A leading figure in the claimant industry has warned that doctors may not want to be part of a new panel for whiplash diagnosis.
Craig Budsworth (pictured), outgoing chair of the Motor Accidents Solicitors Society, told its annual conference that some experts may opt not to sign up to the reporting organisation MedCo.
The insurance industry is funding the start-up costs for the panel and it is expected to be operational in the first quarter of 2014. The running costs will then be covered by doctors’ accreditation fees.
The Association of British Insurers has confirmed the MedCo board will be led by an independent chair, with other members taken from both claimant and defendant sectors. The MedCo website is set to go online by the end of this month.
Both sides have worked together to bring the project – backed by the Ministry of Justice – forward, but Budsworth said there are still concerns about the people who will carry out the whiplash tests.
Budsworth said: ‘[Experts] are going to have to prove that they are capable of examining people with these types of injuries. This may well prove more problematic as experts may well say, “can’t you read my full title?”.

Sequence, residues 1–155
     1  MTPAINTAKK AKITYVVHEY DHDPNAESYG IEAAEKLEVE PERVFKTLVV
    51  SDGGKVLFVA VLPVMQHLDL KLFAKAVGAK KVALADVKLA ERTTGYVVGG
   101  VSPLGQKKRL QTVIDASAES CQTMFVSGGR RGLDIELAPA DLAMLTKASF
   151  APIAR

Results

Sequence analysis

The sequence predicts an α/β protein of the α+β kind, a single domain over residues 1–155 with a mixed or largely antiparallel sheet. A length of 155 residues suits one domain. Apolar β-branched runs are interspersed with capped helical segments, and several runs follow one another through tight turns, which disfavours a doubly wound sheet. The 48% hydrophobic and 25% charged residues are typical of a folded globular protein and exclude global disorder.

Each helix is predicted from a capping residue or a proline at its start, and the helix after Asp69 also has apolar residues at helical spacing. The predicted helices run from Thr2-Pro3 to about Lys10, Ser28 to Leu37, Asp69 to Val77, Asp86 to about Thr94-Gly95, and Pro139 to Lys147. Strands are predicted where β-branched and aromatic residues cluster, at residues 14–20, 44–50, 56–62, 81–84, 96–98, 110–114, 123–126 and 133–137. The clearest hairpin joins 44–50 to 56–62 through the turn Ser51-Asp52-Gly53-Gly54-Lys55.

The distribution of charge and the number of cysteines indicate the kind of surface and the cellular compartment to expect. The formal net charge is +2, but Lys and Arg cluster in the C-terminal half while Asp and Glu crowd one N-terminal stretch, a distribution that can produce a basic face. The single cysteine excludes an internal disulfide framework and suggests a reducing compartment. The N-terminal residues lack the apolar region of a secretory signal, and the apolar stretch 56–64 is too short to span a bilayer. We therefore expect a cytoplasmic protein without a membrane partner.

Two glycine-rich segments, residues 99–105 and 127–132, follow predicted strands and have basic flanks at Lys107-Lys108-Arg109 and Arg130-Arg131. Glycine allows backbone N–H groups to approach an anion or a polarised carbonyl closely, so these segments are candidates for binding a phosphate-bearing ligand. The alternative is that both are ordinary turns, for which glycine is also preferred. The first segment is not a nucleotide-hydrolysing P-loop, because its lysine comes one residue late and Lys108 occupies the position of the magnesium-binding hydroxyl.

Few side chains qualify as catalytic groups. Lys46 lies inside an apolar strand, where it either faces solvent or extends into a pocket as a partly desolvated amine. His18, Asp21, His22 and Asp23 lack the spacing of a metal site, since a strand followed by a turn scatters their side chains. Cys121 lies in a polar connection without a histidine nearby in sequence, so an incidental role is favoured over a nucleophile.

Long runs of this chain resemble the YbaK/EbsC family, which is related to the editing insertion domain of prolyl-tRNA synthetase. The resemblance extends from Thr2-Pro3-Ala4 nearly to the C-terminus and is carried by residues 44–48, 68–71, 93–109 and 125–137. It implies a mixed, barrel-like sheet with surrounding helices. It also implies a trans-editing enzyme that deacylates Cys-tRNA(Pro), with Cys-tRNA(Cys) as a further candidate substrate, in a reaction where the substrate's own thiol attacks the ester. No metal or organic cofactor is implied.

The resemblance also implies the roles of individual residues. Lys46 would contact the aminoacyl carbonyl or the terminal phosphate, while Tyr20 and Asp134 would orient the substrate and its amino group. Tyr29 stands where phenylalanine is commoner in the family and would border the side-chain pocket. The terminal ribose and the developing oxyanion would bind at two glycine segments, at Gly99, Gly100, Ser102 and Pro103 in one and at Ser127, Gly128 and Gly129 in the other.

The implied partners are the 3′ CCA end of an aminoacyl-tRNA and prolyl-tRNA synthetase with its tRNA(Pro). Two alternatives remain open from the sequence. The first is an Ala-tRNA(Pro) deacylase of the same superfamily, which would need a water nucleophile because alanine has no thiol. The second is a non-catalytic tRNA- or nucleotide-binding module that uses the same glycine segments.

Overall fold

‘The years I have spent training surely prove that I know exactly what I’m talking about. Why should I pay a fee to enable me to continue to write reports when I have no idea how many instructions I am going to get?
‘If I’m going to appear on a list then I’ve nothing that will differentiate me from another expert in my area. In which case, I may never get any instructions so why should I pay a fee for the privilege of receiving no work?’
Doctors attending the conference suggested they were still unsure of the details of MedCo and how they would be assigned work.
James Dalton, head of liability for the ABI, said talks will continue over the coming months to confirm details of how the panel will work and he added ‘significant’ progress has already been made.
Dalton told the conference a lack of any objective medical test has increased whiplash cases in recent years and raised the prospects of fraudulent or exaggerated claims.
He added: ‘Developing an IT system that randomly allocates independent and accredited medical experts to claimant lawyers is critically important in working towards the delivery of fundamental reform of the medico-legal reporting system.’